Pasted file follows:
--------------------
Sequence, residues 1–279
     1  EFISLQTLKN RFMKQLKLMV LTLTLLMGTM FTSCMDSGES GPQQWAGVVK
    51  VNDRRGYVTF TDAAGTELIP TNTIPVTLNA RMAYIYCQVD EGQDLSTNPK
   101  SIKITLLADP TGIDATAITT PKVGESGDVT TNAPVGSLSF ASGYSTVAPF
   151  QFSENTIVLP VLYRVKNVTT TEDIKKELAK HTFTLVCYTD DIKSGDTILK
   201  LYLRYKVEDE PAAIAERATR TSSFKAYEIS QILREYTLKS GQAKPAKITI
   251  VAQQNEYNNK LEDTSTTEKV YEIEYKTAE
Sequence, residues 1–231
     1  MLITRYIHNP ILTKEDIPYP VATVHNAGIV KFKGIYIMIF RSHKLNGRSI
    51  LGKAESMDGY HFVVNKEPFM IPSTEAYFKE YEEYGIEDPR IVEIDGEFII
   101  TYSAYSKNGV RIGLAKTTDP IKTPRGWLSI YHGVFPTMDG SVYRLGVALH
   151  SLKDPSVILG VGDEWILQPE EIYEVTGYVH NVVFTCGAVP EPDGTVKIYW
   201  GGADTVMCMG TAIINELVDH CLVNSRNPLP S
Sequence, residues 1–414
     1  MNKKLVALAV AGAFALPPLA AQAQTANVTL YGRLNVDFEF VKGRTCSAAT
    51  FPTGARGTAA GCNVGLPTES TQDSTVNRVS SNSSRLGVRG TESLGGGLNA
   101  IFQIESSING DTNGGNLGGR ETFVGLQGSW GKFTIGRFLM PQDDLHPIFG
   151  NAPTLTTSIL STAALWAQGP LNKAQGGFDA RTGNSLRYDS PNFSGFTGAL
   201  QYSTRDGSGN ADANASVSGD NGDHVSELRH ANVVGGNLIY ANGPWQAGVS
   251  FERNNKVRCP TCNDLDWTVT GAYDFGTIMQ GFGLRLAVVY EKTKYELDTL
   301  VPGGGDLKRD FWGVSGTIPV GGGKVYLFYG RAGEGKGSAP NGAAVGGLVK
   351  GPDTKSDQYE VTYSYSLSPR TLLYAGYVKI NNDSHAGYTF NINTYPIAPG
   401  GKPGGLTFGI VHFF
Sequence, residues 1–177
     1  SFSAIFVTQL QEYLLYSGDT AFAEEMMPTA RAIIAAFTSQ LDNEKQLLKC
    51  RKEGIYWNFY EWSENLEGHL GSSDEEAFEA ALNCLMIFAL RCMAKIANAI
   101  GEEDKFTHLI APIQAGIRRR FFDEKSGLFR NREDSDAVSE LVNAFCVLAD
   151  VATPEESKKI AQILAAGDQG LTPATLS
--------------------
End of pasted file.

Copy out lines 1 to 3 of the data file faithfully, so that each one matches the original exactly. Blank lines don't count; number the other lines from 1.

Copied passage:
Sequence, residues 1–279
     1  EFISLQTLKN RFMKQLKLMV LTLTLLMGTM FTSCMDSGES GPQQWAGVVK
    51  VNDRRGYVTF TDAAGTELIP TNTIPVTLNA RMAYIYCQVD EGQDLSTNPK